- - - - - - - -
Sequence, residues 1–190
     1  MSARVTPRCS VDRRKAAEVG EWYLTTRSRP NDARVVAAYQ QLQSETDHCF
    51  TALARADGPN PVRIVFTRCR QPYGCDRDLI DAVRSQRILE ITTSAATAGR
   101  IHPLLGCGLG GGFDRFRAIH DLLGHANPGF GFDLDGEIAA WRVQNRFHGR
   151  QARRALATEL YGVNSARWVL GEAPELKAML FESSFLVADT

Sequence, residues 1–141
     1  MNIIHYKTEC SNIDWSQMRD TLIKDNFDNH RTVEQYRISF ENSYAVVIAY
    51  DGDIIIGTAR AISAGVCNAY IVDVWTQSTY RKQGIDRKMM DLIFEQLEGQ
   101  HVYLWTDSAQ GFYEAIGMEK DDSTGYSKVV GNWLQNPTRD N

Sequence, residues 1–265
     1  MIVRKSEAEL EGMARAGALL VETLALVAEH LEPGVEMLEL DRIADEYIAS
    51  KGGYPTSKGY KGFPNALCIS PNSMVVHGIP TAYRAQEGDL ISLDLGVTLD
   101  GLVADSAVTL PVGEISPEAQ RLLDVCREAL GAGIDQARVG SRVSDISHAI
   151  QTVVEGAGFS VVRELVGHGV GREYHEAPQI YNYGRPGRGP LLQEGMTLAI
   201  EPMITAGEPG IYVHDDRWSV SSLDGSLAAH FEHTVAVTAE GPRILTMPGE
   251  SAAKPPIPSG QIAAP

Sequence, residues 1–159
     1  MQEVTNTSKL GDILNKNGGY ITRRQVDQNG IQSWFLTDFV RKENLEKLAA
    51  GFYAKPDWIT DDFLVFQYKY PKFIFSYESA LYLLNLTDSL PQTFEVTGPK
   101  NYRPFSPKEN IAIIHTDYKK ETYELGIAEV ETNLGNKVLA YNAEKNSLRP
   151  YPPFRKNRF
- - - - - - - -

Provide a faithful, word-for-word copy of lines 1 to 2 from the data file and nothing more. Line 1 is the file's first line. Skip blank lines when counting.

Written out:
Sequence, residues 1–190
     1  MSARVTPRCS VDRRKAAEVG EWYLTTRSRP NDARVVAAYQ QLQSETDHCF